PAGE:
Millimeter wave ad hoc networks
Ad hoc networks provide a flexible, infrastructure-free means to communicate between soldiers in war zones, aid workers in disaster areas, or consumers in device-to-device (D2D) applications. Ad hoc networks, however, are still plagued by interference caused by uncoordinated transmissions which leads to poor scaling due to distributed coordination. Communication with millimeter-wave (mmWave) devices offers hope to ad hoc networks through higher bandwidth, reduced interference due to directional antennas, and weaker interference power due to building blockage.
In our group, we used a stochastic geometry approach to characterize the one-way and two-way signal-to-interference ratio (SINR) distribution of a mmWave ad hoc network with directional antennas, random blockages, and ALOHA channel access. The effect of random receiver location is quantified which shows that random receiver distances do not alter the SINR distribution beyond knowledge of the mean receiver position. A method for computing the distribution of mmWave ad hoc interference-to-noise ratio which shows that mmWave ad hoc networks can still be interference limited. Several reasonable simplifications are used to derive the transmission capacity and area spectral efficiency. The performance of mmWave is then analyzed in terms of rate coverage. The results show that mmWave networks can support higher densities and larger spectral efficiencies, even in the presence of blockage, compared with lower frequency communication for certain link distances. Due to the increased bandwidth, the rate coverage of mmWave can be much greater than lower frequency devices.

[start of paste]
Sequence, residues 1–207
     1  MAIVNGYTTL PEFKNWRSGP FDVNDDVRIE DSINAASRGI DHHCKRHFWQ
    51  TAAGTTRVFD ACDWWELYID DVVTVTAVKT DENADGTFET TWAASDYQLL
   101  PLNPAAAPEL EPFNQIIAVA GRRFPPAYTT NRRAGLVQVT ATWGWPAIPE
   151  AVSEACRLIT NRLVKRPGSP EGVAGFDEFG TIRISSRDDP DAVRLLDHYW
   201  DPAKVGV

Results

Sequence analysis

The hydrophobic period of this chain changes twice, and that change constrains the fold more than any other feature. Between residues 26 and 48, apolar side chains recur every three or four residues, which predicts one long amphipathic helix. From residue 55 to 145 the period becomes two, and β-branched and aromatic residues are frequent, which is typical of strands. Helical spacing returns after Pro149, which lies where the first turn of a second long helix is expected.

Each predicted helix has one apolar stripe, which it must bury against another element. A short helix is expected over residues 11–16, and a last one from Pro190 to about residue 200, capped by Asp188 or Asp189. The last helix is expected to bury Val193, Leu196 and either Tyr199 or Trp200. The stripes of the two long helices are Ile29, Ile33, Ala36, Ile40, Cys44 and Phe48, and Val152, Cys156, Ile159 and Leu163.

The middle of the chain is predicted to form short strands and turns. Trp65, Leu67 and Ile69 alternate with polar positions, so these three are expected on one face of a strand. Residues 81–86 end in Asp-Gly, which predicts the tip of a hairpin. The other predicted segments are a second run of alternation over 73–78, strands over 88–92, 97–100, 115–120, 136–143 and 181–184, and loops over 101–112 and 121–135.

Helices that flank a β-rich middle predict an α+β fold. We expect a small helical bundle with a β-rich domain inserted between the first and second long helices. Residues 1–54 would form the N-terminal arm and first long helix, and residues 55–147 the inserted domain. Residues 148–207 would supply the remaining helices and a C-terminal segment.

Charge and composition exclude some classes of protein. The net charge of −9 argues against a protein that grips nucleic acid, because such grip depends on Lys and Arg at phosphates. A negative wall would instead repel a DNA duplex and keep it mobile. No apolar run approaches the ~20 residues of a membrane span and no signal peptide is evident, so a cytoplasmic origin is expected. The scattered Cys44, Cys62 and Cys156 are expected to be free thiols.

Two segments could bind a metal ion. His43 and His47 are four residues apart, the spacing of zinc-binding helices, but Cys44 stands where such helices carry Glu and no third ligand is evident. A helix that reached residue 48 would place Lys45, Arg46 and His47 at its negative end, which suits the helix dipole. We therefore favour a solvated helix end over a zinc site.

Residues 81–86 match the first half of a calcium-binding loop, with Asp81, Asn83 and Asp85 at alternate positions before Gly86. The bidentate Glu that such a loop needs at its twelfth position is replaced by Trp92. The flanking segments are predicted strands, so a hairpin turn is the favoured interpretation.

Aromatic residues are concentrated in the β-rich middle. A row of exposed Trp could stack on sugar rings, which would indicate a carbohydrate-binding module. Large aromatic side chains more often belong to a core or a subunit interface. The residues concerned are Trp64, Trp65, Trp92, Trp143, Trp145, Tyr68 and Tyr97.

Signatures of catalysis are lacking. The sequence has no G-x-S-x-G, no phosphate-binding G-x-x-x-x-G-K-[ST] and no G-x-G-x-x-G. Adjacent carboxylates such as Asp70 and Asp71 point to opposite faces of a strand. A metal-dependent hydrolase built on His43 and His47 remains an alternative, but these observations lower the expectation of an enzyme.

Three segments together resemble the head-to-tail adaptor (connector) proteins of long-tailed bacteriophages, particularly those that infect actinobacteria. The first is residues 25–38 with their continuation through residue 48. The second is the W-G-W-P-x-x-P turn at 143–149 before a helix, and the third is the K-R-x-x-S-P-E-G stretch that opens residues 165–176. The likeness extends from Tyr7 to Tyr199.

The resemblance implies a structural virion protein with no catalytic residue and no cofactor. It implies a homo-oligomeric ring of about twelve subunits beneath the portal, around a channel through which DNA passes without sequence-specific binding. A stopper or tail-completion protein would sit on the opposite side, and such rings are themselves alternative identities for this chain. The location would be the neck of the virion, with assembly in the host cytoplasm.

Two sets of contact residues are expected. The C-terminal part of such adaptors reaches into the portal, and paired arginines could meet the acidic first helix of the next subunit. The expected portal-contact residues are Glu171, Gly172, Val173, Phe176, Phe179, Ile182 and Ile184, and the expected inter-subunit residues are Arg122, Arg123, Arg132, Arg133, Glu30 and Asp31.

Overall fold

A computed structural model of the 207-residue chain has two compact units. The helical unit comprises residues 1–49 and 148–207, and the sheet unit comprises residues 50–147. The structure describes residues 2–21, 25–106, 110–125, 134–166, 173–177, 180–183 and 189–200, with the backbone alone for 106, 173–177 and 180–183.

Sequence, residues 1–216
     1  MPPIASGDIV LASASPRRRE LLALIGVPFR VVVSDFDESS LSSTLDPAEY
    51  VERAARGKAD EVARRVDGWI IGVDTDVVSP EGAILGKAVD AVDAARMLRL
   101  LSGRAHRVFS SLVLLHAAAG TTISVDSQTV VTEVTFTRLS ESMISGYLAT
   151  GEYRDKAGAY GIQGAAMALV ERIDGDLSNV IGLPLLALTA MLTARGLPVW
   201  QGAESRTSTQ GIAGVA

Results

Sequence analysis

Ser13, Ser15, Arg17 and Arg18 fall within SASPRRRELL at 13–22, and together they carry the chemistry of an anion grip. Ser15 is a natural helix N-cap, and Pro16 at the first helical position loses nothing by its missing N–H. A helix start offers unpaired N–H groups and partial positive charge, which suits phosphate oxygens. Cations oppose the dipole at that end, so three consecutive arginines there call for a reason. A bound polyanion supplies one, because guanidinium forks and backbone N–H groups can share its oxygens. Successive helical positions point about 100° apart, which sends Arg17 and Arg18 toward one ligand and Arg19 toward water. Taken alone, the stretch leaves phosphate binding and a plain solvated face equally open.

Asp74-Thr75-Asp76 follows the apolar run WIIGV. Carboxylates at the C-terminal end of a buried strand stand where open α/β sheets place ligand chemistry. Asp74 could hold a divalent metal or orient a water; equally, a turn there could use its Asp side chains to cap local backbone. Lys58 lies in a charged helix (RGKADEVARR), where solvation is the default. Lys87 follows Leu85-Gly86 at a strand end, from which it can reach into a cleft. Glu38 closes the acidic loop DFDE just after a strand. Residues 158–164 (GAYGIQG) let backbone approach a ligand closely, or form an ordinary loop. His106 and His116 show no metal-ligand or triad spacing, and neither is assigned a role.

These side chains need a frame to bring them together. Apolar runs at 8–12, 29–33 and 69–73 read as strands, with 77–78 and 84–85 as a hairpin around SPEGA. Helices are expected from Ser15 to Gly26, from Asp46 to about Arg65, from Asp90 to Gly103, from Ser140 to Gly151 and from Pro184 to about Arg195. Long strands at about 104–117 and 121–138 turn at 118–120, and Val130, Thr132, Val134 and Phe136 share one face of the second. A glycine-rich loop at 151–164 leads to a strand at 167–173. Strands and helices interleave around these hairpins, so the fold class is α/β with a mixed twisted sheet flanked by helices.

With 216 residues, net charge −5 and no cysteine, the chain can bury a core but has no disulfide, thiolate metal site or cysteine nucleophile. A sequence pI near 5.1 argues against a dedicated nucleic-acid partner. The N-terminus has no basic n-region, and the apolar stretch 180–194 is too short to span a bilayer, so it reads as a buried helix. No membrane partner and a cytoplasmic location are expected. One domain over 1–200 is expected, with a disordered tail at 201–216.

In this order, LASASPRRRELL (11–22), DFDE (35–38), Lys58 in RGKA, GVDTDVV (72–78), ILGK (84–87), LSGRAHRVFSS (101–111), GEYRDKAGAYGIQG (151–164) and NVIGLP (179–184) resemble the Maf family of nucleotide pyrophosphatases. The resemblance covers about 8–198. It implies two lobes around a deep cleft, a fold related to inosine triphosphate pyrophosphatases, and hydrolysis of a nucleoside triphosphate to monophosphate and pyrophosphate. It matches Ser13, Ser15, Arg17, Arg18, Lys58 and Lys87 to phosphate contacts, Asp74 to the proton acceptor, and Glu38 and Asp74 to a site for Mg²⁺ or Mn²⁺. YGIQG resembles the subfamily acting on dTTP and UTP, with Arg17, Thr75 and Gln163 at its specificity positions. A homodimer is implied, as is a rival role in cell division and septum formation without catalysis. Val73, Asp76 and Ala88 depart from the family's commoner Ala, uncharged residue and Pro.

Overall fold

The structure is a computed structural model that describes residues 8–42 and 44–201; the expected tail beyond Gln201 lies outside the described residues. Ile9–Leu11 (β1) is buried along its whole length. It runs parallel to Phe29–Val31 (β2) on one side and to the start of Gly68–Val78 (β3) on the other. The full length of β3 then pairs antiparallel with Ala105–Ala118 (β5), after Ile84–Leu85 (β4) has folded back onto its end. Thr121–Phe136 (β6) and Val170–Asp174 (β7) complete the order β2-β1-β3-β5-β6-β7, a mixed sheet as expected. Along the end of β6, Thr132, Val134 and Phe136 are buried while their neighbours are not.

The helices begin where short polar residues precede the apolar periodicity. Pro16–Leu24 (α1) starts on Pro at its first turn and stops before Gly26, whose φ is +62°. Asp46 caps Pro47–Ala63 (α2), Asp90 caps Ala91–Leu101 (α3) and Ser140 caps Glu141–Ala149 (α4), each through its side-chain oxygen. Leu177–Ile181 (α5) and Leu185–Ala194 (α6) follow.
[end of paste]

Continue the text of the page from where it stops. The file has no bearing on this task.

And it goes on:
A. Thornburg, T. Bai, and R. W. Heath, Jr., “Interference Statistics in a Random mmWave Ad Hoc Network”, in Proc. of the IEEE Int. Conf. on on Acoustics, Speech, and Signal Processing, Brisbane, AUS, April 19-24, 2015. Video.
A. Thornburg and R. W. Heath, Jr., “Ergodic Capacity in mmWave Ad Hoc Networks with Imperfect Beam Alignment”, in Proc. of the IEEE Military Communications Conference, Tampa, FL, October 26-28, 2015. Video.
The work was supported Army Research Labs under Grant No. W911NF-12-R-0011 and the National Science Foundation under Grant No. 1218338.